There have been great fanfares for conservation success in Seychelles
recently. Unless you’ve been on another planet for the past year you’ll
known about the recoveries or the new knowledge we have about species
like Magpie robin or pi Santez, the Scops owl or syer, and the White
eye or Zwazo linet. Conservation programs by Nature Seychelles, the
Seychelles government and private island owners and managers have
enabled these unique Seychelles birds to be taken off the Critical list
of the most endangered species of the world. Seychelles has received
international accolades for these flagship examples of conservation
action, which also offer hope and inspiration to others. We have shown
we have the knowledge and expertise to plan and manage globally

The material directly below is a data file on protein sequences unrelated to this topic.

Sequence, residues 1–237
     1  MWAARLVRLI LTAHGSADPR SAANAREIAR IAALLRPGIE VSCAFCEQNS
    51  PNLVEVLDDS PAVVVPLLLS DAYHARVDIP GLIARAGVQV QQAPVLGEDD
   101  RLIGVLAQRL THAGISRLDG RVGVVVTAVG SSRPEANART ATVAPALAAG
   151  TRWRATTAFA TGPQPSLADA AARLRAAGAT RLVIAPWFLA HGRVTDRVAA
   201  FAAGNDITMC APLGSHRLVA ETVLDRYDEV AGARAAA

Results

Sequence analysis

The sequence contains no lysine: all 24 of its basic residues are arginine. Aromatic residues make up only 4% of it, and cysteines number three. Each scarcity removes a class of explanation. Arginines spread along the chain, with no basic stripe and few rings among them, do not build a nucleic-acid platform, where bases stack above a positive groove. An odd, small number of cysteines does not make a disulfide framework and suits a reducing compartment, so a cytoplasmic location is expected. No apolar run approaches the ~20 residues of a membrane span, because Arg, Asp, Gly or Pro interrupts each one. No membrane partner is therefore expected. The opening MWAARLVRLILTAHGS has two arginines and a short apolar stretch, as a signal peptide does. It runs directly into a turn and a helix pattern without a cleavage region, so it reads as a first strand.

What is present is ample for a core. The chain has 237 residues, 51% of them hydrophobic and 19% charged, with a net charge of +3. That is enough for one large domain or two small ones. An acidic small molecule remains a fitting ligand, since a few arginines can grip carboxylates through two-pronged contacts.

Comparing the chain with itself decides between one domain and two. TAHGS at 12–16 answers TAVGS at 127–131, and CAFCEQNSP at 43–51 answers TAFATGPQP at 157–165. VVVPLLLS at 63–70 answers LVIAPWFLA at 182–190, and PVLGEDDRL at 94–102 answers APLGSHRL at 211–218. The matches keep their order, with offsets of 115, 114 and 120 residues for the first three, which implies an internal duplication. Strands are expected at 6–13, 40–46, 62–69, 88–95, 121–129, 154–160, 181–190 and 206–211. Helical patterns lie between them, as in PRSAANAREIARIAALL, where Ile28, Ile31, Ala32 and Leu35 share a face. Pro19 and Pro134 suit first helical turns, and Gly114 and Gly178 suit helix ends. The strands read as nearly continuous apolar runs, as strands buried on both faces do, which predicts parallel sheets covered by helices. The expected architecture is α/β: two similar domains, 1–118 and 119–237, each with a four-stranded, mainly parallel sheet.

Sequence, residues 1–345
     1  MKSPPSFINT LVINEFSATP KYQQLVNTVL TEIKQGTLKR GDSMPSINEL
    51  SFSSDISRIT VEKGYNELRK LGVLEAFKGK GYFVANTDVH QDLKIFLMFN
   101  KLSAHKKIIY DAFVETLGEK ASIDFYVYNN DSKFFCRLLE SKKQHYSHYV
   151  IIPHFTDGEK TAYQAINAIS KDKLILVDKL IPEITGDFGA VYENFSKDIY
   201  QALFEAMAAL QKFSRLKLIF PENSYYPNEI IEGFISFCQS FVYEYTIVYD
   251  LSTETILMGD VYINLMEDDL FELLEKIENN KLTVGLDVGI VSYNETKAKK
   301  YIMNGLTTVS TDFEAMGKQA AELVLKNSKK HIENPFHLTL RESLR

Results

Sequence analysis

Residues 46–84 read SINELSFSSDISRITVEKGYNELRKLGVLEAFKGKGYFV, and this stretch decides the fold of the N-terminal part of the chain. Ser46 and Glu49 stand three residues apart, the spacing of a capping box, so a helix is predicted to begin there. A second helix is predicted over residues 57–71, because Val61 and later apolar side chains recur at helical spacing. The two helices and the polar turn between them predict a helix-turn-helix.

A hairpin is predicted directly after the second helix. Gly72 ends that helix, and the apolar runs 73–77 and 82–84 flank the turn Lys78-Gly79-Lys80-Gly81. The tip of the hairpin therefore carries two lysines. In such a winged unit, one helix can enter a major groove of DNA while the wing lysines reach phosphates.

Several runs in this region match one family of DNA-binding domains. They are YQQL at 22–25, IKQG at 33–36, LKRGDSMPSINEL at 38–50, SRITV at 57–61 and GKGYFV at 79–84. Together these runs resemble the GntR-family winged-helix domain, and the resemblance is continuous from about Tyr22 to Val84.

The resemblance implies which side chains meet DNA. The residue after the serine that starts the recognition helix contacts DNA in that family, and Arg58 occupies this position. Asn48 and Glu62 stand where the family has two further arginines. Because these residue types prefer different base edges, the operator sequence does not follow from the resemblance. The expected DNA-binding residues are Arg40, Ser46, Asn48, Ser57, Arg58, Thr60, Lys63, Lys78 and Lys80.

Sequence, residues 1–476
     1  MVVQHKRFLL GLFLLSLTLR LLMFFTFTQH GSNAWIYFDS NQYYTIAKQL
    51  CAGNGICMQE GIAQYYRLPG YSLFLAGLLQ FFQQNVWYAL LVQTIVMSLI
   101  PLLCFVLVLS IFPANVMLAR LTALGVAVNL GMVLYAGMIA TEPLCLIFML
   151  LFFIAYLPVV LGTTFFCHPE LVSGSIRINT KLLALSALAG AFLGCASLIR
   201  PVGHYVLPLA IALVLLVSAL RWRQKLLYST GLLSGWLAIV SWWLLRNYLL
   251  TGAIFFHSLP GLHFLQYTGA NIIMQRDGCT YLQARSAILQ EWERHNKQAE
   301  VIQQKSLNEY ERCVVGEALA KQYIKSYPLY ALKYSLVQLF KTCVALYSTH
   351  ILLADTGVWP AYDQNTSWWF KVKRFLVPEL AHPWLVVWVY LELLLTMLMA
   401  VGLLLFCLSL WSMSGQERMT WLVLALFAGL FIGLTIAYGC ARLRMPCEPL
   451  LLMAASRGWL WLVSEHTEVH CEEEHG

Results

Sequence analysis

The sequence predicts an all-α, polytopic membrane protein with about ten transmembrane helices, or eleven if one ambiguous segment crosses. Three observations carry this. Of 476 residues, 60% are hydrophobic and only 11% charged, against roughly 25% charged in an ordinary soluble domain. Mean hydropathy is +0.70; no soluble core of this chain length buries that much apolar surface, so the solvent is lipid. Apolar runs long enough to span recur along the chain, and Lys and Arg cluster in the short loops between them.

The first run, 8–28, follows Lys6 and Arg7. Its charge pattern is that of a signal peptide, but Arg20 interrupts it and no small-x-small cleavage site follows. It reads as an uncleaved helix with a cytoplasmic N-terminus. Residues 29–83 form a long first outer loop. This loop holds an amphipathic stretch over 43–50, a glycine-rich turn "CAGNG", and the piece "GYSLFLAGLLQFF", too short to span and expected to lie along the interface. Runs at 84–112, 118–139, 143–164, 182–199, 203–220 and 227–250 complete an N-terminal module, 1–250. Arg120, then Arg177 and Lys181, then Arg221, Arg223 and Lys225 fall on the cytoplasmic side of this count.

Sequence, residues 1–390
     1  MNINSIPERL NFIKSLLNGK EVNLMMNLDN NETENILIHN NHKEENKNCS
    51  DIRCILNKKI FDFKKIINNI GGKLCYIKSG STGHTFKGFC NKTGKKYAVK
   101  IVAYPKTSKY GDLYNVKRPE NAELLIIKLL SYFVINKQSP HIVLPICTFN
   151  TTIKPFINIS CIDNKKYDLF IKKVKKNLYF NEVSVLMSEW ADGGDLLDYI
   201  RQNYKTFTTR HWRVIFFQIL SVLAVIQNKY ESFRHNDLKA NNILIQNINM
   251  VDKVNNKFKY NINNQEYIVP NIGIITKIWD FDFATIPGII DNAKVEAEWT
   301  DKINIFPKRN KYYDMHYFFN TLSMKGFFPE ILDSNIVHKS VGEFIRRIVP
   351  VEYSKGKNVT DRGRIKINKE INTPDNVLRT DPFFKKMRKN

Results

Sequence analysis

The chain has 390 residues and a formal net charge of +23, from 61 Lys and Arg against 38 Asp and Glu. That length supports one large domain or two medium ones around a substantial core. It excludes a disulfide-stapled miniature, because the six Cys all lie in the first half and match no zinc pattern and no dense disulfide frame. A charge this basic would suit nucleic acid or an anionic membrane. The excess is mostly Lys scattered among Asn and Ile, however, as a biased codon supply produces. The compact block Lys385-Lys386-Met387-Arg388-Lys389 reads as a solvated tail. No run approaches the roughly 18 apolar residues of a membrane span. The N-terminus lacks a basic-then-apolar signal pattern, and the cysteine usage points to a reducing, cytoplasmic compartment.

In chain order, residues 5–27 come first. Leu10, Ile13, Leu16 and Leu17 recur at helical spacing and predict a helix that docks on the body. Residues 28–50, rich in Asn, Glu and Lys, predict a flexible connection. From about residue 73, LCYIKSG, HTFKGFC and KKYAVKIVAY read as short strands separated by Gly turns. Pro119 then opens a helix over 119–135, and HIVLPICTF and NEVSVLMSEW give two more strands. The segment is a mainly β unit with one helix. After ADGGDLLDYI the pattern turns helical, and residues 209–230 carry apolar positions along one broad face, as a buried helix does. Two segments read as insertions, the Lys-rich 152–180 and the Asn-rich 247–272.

recognized recovery programmes. But, this work isn’t finished.
Scientists tend to be clever people. That’s why they are scientists
after all. But they can’t know everything. And they can’t be
everywhere. Non-scientists can have different types of information that
can be useful too. And there are a lot of them. The balancing of
scientific and public knowledge is a topic of great current interest.
We have seen this in studies being done in Seychelles that are seeking
to recognize that the fishing communities here know a thing or two
about the marine environment: where the fish stocks are and how many
there are, for example. We ignore this kind of knowledge, experience
and expertise at our peril.
Nature Seychelles has worked with researcher Louisa Wood of the
University of British Columbia, Canada and other organisations to find
out what motivates illegal fishing in Marine Protected Areas, (MPAs)
and to try to identify ways to reduce poaching.
SPLASH - Special Programme for Learning and Awareness on Species and Habitats.
Citizen science in Seychelles
Nature Seychelles has called on the public to help with improving
knowledge of a unique Seychelles animal - the weird and wonderful